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notes from a small vicar
from a parish
in Liverpool, UK
Tuesday, December 04, 2007Gill Gibbons and The Teapot Prize I can't say that I know Gill Gibbons though I'm certain that I was at a few parties with her when I worked with her (now ex-) husband Pete, then head of Beaufort Street Primary School in Liverpool 8 a decade ago. But what a joy to watch her press conference, back in Britain after her release, showing such warmth and graciousness towards everyone involved in the wierd episode of her imprisonment, including her captors. In a good 24 hours for our city (hosting both the Turner Prize Award and the Royal Variety Performance last night) I think Gill's generous spirit says as much about the culture of this place as will all the glitzy events planned for 2008. "I wouldn't like it to put anybody off going to Sudan. In fact, I know of a lovely school that needs a new Year Two teacher," she said, and later, thinking of her own situation now and putting a very different spin on a well-worn Liverpudlian expression, "I'm looking for a job..."
Odd how things re-emerge in unexpected combination. I've set aside this week to clean out my room, to clear some shelf space so as to be able to reclaim the floor and declutter my desk. Thus hopefully decluttering my head space too. I've been doing things I've never contemplated before like chucking out rows of old journals, stacks of magazines and newspaper cuttings and the bulk of my papers from university and various colleges, which have followed me from house to house in the five moves I've made since that first one in 1995, to live and work in the community which Pete Gibbons and his staff served so well.
I began this task of clearance quite ruthlessly - not stopping to re-read all those old notes from Welsh History (Cardiff Uni 1985) and Modern Critical Theory (1987); resisting the temptation to revisit my collection of Ship of Fools (the publication, from the early 1980s, many years before the website was conceived) or to bask in the triumph of Wallop!, the staff magazine of The Ranch which I created and produced bimonthly in my year there on the office's inky old Gestetner mimeograph. These latter collections remain, of course - priceless and irreplaceable - but of my college work I've kept only the typewritten essays, ten large files reduced to one thin one.
However I was bound to stop and linger somewhere, and it was when I got to the box full of papers from my time in Toxteth, and to what I consider one of the best pieces of work I've ever completed, a 36-page page booklet published by The Bluecoat Press called Bye Bye Bewey Board: Beaufort Street School 1875-1998, a Souvenir History which I co-edited and loved working on. This sepia-toned tome was distributed to all connected with the dockland school on the closure of its crumbling buildings and merger with another local primary in my final year as a community worker in the area. It was the fruit of a year's work with Year Six, a project to research the history of the school involving field trips, teaching sessions (a new experience for me) and hosting visits of ex-pupils and staff whose stories were recorded by the pupils. Then-current teaching staff keenly supported it, as did the Parent-School Partnership (a school within the school to support and resource local adults) and the Friends of Bewey, a lively group of staff and parents past and current who cared deeply about the school - and each other - in which the boisterous Pete Gibbons played a lead role.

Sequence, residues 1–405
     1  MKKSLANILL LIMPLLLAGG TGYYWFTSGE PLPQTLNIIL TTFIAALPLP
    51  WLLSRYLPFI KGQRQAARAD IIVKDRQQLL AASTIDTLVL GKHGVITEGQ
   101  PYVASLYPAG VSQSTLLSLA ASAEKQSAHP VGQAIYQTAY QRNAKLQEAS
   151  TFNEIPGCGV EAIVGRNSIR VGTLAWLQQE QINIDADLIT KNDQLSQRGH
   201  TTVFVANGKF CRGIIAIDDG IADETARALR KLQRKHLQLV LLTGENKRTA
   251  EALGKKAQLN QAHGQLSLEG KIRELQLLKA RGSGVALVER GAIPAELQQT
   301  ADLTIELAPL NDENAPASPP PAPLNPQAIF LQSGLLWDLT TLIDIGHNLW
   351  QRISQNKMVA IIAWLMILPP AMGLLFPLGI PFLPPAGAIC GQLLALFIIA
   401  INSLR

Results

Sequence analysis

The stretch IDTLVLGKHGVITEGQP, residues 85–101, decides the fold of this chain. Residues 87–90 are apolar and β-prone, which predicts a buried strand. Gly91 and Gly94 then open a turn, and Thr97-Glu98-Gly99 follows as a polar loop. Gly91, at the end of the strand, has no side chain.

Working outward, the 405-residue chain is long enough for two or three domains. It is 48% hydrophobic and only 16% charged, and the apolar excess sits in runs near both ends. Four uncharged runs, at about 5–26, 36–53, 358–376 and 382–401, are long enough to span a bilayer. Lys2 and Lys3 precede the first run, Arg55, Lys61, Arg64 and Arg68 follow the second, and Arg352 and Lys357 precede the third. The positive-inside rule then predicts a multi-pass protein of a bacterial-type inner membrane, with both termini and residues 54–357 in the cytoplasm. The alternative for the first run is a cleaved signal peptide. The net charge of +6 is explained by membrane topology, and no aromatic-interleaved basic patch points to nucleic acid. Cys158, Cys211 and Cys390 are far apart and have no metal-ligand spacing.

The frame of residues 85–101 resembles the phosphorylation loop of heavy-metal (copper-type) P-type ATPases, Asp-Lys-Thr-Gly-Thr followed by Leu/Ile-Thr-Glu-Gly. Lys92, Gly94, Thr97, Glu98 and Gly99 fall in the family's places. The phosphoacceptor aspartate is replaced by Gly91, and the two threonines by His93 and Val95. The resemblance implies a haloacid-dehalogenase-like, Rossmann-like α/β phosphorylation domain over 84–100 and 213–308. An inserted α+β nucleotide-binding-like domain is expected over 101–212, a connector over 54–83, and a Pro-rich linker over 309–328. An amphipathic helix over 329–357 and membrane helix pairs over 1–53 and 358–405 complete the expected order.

In the Victorian era Bewey kids would have been described by posh moralising commentators as waifs and strays. They were certainly among the poorest in a city of very poor children. Many of the pictures in the book witnessed to this remaining the case right through to the 1990s. Poverty, of course, brings all manner of health and behavioural problems in its wake. But the Bewey book shows that throughout its history these children were given dedicated teaching by people who knew they were up against it but who committed themselves sacrificially to the place and its people. Among them Mrs Richmond, a head who in the 1970s instigated the annual Teapot Award which was given to the pupil who, she then said, is 'always smiling outside, and more importantly, inside.'
BBC Radio Merseyside's Roger Phillips was a Bewey governor in Mrs Richmond's time and in the foreword he wrote for the book he said that 'she was more of a social worker than a teacher and fiercely proud of her school.' She set the standard which Pete Gibbons and the other colleagues I worked with, followed so keenly. That's why I was so proud to produce such a rich record of their achievements as the story of the school came to an end.
As I write this Roger Phillips will be preparing to take phone-in calls on his lunchtime show, where Gill Gibbons is bound to be one of the main topics for discussion. People will be reflecting on the words she spoke earlier today. "I'm just an ordinary middle aged primary school teacher," she said. Just! Ok, that's true: but also 'just' a remarkable person. The book reminds me - I've been privileged to work with many like her.